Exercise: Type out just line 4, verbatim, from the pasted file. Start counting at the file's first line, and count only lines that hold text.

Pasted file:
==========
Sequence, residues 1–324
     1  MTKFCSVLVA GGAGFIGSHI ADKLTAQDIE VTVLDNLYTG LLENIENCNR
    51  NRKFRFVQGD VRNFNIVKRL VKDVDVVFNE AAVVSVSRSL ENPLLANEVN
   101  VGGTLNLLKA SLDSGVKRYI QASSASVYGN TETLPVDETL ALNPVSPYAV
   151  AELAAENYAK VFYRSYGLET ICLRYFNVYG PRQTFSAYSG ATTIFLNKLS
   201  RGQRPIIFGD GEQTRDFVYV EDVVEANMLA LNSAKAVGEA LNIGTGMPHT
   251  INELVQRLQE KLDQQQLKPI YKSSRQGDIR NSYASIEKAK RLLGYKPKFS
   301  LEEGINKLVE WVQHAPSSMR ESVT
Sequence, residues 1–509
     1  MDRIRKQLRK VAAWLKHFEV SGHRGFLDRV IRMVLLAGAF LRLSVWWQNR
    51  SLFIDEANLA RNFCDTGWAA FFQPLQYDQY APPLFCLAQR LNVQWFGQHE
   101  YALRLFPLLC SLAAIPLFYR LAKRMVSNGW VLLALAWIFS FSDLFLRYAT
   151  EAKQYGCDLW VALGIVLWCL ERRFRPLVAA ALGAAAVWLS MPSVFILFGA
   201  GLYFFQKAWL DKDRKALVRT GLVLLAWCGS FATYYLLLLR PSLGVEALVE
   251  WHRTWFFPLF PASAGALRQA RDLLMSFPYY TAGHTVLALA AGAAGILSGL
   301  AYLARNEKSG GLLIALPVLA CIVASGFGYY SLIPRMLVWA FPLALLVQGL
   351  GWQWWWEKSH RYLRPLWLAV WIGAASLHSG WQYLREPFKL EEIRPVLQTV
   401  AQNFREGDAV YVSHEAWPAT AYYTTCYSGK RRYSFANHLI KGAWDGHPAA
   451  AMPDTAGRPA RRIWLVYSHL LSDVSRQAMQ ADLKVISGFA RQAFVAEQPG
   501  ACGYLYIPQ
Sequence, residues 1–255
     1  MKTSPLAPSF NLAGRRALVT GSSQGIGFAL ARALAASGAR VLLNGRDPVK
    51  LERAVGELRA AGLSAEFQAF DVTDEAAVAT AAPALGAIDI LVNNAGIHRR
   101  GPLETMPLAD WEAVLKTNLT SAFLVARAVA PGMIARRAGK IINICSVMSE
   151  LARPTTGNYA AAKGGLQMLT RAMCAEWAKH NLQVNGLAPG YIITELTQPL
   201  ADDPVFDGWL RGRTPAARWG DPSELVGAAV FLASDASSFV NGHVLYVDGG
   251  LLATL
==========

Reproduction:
   101  VGGTLNLLKA SLDSGVKRYI QASSASVYGN TETLPVDETL ALNPVSPYAV